East side wins housing grant

$1.2 million will build new houses and demolish others

click to enlarge A new home under construction by TSP-Hope sits next to an abandoned property due for demolition. - PHOTO BY PATRICK YEAGLE
A new home under construction by TSP-Hope sits next to an abandoned property due for demolition.

The sounds of nail guns and power saws filled the air in a section of the east side of Springfield last week. Men with tool belts worked feverishly to build a new home at the corner of 12th and Edwards streets, raising walls and covering the frame with plywood.

Right next door, a rundown, boarded-up abandoned house awaits demolition, a reminder that there is still much work to be done.

Both properties belong to TSP-Hope, a nonprofit group focused on building affordable housing, and each property’s metamorphosis is another step toward revitalizing Springfield’s east side.

In late September, The Springfield Project, which spawned TSP-Hope, secured a $1.26 million grant from the U.S. Department of Housing and Urban Development to support TSP-Hope’s overhaul of the neighborhood’s housing.

The money will help pay for 11 new homes and the demolition of 25 abandoned properties within the area bounded by Cook Street and South Grand Avenue between 11th Street and Martin Luther King Drive.

Once TSP receives the funds, they will be disbursed to Habitat for Humanity of Sangamon County and TSP-Hope. Habitat will build five new homes in the 49-square-block area. TSP-Hope has already begun building a few of the other six homes to be funded.

“Honestly, this is not a cure-all for what needs to take place over there,” TSP executive director Tim Rowles says. “But hopefully if we can get this project going, people will see what’s taking place, and we’ll be able to attract or generate some new funding.”

Rowles says he expects to have new homes ready by the start of 2010. “We’re being very aggressive with this,” he says. “But we’re also going to take our time and make sure we do it right.”

Ron Fafoglia, executive director of TSP-Hope, says the neighborhood was chosen because his organization already works there.

“That’s where the most need is,” Fafoglia says. “We’ve got several pieces of property already purchased in that area, and we’re pretty much ready to hit the ground running. We want the work to be concentrated in as small an area as possible to make the biggest impact.”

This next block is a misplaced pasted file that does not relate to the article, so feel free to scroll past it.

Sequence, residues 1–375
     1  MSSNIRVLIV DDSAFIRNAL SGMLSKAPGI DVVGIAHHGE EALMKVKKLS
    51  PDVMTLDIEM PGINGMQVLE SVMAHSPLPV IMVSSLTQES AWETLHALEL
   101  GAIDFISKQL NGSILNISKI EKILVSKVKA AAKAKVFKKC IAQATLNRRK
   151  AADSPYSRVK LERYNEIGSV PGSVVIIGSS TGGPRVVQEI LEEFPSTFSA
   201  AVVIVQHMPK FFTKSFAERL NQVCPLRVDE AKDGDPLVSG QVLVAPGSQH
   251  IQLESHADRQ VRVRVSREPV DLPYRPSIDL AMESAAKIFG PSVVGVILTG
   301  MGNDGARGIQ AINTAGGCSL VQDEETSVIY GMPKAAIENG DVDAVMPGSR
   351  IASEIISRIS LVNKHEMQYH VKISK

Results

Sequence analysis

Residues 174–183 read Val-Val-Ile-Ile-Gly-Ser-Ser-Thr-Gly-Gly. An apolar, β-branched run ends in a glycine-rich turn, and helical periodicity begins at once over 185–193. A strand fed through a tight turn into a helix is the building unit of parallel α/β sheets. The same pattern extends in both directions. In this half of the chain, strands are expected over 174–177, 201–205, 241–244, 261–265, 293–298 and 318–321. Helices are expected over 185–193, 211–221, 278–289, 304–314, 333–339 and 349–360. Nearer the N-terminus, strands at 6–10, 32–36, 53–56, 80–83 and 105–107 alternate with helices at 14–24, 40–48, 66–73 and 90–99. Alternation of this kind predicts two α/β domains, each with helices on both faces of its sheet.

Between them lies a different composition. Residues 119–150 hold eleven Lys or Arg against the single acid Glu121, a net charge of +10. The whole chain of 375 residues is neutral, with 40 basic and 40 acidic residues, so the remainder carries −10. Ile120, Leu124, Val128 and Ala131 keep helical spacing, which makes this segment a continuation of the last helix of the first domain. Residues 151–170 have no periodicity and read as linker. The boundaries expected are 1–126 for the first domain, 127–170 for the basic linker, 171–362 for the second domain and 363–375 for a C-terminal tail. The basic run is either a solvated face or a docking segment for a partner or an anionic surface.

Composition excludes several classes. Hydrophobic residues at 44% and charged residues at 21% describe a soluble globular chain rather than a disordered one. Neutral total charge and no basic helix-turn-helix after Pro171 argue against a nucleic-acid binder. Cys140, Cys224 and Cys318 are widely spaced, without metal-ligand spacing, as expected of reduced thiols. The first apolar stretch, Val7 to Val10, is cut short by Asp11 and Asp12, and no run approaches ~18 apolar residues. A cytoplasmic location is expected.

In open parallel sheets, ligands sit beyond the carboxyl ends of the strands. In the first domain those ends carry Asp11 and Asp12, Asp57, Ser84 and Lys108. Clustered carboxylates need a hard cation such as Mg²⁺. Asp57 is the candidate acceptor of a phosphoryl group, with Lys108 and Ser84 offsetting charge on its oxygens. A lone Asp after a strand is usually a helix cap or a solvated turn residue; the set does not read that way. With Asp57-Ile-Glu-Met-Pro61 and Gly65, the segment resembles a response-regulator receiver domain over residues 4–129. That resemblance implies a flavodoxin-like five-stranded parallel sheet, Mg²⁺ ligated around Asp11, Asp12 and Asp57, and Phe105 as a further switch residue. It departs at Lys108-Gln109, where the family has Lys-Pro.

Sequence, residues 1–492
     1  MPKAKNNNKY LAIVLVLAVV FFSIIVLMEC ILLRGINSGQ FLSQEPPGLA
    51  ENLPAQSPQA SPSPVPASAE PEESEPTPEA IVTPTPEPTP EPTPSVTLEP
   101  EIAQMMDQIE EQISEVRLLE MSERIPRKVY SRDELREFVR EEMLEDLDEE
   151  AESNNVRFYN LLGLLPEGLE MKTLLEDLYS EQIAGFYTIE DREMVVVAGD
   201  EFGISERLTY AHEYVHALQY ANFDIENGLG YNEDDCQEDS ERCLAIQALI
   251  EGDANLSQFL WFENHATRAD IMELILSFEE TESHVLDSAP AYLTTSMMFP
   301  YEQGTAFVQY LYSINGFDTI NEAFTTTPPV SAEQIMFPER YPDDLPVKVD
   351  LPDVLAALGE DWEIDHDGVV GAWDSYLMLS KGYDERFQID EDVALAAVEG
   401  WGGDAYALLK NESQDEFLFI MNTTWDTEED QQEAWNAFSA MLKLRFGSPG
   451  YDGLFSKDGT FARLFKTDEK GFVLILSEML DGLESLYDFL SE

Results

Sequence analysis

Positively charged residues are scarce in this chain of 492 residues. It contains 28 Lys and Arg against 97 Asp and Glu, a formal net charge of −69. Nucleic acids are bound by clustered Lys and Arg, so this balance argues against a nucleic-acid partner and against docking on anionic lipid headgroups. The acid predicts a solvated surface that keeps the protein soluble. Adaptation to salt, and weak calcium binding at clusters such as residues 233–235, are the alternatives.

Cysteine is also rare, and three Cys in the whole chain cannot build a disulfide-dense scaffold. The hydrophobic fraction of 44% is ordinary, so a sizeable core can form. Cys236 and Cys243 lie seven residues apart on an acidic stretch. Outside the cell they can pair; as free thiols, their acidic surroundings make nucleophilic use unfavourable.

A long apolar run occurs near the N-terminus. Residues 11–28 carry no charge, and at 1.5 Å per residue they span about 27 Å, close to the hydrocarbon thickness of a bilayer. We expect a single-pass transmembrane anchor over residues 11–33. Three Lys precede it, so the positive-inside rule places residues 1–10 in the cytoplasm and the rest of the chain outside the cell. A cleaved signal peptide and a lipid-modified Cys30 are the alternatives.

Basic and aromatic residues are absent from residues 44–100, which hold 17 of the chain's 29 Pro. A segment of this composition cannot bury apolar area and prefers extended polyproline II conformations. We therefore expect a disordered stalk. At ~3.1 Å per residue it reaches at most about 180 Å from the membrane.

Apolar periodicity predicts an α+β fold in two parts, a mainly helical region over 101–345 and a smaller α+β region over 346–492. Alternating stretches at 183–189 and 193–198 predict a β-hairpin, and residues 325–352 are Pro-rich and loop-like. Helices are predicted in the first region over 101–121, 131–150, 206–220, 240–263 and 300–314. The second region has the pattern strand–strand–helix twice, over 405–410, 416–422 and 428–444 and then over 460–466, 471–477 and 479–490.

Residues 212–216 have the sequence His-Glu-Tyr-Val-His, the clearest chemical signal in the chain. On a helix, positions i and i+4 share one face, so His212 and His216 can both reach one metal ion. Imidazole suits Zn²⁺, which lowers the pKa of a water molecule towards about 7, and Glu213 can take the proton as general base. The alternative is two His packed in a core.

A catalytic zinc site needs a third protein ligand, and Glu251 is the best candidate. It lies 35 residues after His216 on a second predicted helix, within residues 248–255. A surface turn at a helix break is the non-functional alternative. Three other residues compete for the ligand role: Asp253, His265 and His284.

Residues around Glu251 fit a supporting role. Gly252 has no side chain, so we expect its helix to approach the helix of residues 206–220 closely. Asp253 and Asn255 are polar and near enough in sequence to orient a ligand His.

Dana Plummer, executive director of the local Habitat for Humanity, says the grant would pay for half the cost of the five houses to be built. Plummer says Habitat is still accepting applications to receive one of the homes it will build with the funds.

“It’s exciting, for me, to build in that area,” she says. “They need it. The area needs it. There’s a lot of great people over there.”

Habitat and Hope are grant partners with TSP on the project, along with the City of Springfield, the Greater Springfield Chamber of Commerce, the Springfield Black Chamber of Commerce and the Q5 Diversity Development Council.

Mike Farmer, director of the city’s Office of Planning and Economic Development, said the city will be using other federal dollars to update infrastructure in the east side, including almost 9,000 feet of new sidewalks along Capitol Avenue, as well as new sidewalks along Kansas, Stuart, Brown and Cook streets.

Rowles says the groups involved with the housing project have more plans to rejuvenate the east side in the future.

“We’re interested in not just housing, but also in some retail and commercial development,” he says. “We’d love to see some mixed-use development along South Grand.”

Rowles says the east side redevelopment efforts are a community effort.

“We’ve got to make sure that we build partnerships, that we work together and get everybody involved,” he says. I’m really expecting that once we get started on this, people are going to join together and we’re going to make a positive impact in a place that has long been neglected.”

Contact Patrick Yeagle at pyeagle@illinoistimes.com.

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